THE EDITOR’S CHAIR: Grit Gwent effort, but schools could do better in the snow
FROM red weather warnings to ‘snow bombs’ it’s been quite a few days for most people in Gwent.
The worst snowfall for a couple of years brought with it the usual round of school closures and transport problems.
There were understandable questions about why some schools closed because of the weather and others stayed open, particularly when in some cases they were less than a mile apart.
We issued a challenge in yesterday’s Argus for schools and councils to be a bit more open with parents about the reasons for closures.
When snow makes travelling almost impossible then most parents understand entirely why schools close.
But when roads and pavements are virtually clear – as they certainly were in Newport on Tuesday – people are left scratching their heads when schools close.
My youngest son’s secondary school was closed last Friday (perfectly understandable) and then closed again on Tuesday, when the weather was relatively good, but open on Wednesday after a full night of snow.
There seemed to be no logic behind the decisions and this leads to anger and consternation among parents.
Perhaps there should be an agreed set of potential reasons for school closures that are displayed in schools and on their websites, with the relevant reasons ticked when closures take place?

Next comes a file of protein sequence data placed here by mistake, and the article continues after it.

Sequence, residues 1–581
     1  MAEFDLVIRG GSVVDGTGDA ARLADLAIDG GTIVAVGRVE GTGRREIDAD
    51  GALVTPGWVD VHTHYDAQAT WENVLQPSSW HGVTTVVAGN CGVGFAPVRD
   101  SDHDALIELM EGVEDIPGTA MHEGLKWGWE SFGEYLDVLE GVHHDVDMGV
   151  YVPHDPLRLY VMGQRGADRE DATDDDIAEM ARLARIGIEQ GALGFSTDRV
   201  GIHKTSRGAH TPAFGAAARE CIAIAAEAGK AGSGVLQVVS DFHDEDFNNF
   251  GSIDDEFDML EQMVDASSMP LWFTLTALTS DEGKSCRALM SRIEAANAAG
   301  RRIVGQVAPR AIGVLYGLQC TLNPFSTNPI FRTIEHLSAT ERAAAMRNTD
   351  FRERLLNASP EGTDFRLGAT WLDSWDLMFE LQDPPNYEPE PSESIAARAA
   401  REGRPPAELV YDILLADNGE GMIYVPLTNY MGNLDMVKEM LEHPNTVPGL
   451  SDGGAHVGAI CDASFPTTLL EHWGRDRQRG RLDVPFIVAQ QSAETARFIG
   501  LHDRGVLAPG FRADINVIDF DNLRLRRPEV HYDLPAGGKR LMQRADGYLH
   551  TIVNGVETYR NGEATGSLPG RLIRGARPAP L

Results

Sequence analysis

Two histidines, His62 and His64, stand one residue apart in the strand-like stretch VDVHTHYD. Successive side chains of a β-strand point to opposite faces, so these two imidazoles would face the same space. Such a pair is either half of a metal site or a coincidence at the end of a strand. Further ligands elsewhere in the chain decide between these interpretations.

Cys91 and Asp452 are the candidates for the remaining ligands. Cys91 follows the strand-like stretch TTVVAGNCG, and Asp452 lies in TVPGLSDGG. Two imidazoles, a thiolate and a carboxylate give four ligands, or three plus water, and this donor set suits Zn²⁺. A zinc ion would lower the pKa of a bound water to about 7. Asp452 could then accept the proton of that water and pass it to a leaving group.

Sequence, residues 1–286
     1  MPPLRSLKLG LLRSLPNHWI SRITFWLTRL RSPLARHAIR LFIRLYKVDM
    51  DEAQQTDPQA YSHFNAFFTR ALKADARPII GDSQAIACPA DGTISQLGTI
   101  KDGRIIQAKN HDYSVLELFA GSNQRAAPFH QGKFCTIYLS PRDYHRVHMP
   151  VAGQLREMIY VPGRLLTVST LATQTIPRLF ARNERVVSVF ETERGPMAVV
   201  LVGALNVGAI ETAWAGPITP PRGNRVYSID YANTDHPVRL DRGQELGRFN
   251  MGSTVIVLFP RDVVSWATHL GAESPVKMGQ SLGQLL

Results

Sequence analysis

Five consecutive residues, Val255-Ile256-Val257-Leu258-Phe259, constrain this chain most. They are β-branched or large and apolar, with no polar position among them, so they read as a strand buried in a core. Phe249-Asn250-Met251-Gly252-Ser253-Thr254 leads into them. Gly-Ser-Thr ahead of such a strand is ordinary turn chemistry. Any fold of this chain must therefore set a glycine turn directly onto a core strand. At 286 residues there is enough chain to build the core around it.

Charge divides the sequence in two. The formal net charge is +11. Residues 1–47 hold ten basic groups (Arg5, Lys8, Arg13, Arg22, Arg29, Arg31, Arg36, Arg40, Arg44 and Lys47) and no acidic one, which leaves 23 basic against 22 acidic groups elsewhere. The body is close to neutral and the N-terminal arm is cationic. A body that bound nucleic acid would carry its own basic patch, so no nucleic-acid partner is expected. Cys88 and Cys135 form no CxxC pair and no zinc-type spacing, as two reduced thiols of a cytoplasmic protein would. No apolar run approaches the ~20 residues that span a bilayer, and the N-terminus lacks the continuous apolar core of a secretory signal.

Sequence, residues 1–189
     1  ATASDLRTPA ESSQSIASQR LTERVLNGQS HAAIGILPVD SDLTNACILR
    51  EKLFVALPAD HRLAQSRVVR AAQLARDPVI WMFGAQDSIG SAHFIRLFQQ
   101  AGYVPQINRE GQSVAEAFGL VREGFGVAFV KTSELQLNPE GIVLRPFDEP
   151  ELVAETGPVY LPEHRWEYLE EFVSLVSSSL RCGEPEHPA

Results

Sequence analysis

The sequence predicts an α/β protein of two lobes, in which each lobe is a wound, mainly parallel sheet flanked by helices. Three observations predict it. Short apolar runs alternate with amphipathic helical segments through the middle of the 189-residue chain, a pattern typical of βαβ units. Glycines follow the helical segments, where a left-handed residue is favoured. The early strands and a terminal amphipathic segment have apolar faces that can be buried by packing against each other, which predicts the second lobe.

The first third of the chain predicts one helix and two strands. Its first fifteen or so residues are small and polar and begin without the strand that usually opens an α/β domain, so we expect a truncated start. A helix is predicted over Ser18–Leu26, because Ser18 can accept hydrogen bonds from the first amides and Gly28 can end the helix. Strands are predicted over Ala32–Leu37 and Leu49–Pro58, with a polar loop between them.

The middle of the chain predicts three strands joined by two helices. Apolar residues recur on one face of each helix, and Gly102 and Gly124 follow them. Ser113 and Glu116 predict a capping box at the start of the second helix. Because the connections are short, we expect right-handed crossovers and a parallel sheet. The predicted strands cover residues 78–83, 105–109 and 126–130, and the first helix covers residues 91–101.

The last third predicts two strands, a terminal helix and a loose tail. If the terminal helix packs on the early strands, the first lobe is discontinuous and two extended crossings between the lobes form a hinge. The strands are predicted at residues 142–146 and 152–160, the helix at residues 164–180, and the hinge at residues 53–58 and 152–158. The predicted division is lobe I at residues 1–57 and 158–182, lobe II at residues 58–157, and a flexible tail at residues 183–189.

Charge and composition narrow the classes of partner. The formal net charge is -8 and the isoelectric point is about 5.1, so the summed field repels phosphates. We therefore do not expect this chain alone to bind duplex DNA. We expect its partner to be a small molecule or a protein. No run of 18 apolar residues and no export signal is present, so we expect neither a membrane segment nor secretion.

It might not end the debate but at least it would mean parents knew why their children’s school was closed.
The main road networks through Gwent fared particularly well during the adverse weather – and praise must go to our local authorities for the work their staff have done.
Council workers often get the sharp end of the stick when snow falls and roads become difficult to negotiate.
Most people understand that not every side street and cul-de-sac can be gritted, certainly not in the early stages of bad weather.
It is when major routes become impassable that concerns are raised.
Yet, from what I have seen and heard as Argus reporters and photographers have travelled across Gwent, the vast majority of main roads were passable even after the worst of the snow had fallen.
So I take my hat off to the drivers of gritters and snow ploughs, and to the many other council staff diverted from their usual duties to help keep Gwent moving.
Finally, this week’s weather has certainly highlighted the growing influence and importance of social media.
Our live weather blogs have been running from 6am every day since last Friday, with record numbers of people coming to the Argus website for snow-related news and information.
As well as details from our own reporters, the snow blog has also been populated by Twitter feeds from schools, councils, bus companies and readers – all using the #gwentsnow we publicised as soon as snow was forecast.
It has worked incredibly well and shows that websites and social media feeds, including our own, are fast becoming the first port of call for people when the weather turns bad.
It is a shame that government bodies and many emergency services still tell people to tune into BBC local radio stations, which play a part in the dissemination of such information, without referring to the larger number of digital outlets that people are turning to.
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